He’s just finished the first draft of his Ghosts of Athens, which won’t come out for another year. He should have a provisional final draft by next week, then he can start giving me the moral support to begin work on my own next book.

Foreign Aid – A Danegeld extracted by the Liberal Internationalists

by Robert Henderson

“Aid – an excellent method for transferring money from poor people in rich countries to rich people in poor countries”. — Peter Bauer (

The UK has been pumping Aid into the Third World since the 1950s. At present day values several hundred billion pounds of British taxpayers’ money has been given to foreigners. Despite the present economic crisis all three major British Parties have committed themselves to not merely maintaining the Aid but substantially raising it. This year around £9 billion will be given away ; by 2014/15 that is projected to increase to £11.5 billion as our political class have committed themselves to meeting the UN’s 0.7% of GDP target by then. ( Continue reading

Gaddafi regime ‘not attending London Olympics’

by Mario Huet

I’m sure there will be plenty of bloodstained butchers in attendance, fawned upon and traded with by our own obsequious bunch of irredeemable warmongers.  It may sound bad, but I have more respect for the former:  at least they have some experience of getting their *own* hands bloody, rather than having all the torturing and murdering done by proxy and hiding behind the collective irresponsibility of ‘peacekeeping’ organisations.  For the most part brutal tyrants confine their evils to their own countries, whereas our ‘decent’ politicians spend much of their time interfering in countries that are thousands of miles away, that they know bugger-all about, and that are neither their moral nor their official concern.

Continuing the theme of socialist art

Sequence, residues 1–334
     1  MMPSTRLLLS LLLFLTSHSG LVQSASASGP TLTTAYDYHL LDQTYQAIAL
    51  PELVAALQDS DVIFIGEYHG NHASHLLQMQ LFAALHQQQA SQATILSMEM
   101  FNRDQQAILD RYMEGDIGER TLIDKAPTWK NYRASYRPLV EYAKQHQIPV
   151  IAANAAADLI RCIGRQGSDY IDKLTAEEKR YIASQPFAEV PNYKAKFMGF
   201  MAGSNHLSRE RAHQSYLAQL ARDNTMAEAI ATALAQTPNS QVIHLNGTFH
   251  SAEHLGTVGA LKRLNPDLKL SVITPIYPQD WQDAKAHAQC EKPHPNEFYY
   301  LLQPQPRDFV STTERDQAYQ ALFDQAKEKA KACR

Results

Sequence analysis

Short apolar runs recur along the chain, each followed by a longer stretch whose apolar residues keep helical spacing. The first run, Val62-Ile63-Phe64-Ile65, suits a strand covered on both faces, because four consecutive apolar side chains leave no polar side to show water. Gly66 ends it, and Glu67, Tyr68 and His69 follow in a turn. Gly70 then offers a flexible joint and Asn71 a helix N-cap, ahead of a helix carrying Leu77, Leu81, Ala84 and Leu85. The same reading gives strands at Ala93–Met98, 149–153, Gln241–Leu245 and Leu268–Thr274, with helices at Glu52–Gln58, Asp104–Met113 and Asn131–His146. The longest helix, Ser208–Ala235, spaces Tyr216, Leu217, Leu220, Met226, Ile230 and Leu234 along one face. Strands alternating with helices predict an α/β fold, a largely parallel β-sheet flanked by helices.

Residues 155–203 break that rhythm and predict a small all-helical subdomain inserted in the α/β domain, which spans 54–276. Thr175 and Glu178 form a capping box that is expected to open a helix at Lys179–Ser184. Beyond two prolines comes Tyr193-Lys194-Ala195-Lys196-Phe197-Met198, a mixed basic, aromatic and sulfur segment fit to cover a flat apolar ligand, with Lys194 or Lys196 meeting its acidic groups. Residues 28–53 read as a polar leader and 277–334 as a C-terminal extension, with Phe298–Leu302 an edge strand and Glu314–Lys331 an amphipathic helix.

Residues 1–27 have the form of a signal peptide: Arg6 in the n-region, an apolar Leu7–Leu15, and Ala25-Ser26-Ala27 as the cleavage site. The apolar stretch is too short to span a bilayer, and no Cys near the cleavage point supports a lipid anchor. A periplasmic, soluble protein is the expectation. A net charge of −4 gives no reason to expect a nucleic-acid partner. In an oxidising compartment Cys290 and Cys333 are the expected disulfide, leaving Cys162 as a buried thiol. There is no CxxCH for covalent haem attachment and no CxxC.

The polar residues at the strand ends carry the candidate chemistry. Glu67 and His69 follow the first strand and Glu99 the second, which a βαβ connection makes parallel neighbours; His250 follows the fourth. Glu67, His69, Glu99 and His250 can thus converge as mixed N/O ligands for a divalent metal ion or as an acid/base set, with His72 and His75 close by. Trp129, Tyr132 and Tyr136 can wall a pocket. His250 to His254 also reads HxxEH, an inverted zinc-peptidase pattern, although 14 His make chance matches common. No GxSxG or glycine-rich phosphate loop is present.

Michael Winning

Spotting the “Naughty but pretty” posting below and noting people’s thoughts about Joe Stalin, I always admired this banknote from the old Czechoslovakia. Like the “people and the army being united” it says all you want to know about the Stalinist mindset. And really it is very wel done.

“Public Service”? I’m Taking My Business Elsewhere

by Kevin Carson

Steven Cohen, writing at Huffington Post (“We Need to Respond to the Attack on Public Service,” June 13), writes that “the profound and intensifying attack on government and public service” is cause to be “frightened.” Continue reading

The Kind of “Public Service” We Can Do Without

by David D’Amato

In a column for the Huffington Post on Monday, June 13, 2011, Columbia University’s Steven Cohen asserts that “every American should be frightened by the profound and intensifying attack on government and public service.” Cohen submits a vision of the United States very close to an antithesis of the one that actually exists, his alternative universe being a place where the state has been trivialized in favor of “the free market.” Continue reading

Jaded by Mere Porn? How about This for Shock Value?

It takes a lot nowadays to make me open my eyes and stare at something in shocked disgust. This does the job pretty well.

Even so, it is well-composed and technically accomplished. Every detail works towards producing the desired effect – or would do if we didn’t know better about its main subject.

On the whole, I prefer socialist realism to Nazi art. I prefer both to most art produced in the democracies since about 1910. I’ve spent some very happy afternoons shuffling about Bratislava and looking at now neglected public art. There is a fine mosaic in the main railway station, and some good paintings in the central post office. There is even a fine statue – cast in concrete! – of some unmemorable apparatchik. It’s in the middle of a housing estate close by Ruzinov.

The best thing to do in a place like Bratislava is to keep looking up at the first and second floor of buildings in the centre. You will see things the natives stopped noticing many years ago.

Explaining Conservative Support Among “Ordinary People”.

Something Larry doesn’t take into account is the notion that many ordinary people are conservatives, and vote Conservative because they vainly hope it will do genuinely conservative things. Another reason for voting Conservative is still greater dislike of the possibly worse scum in the lefty parties. In general, there is no need for this rehashing of Adorno. SIG Continue reading

Richard Garner RIP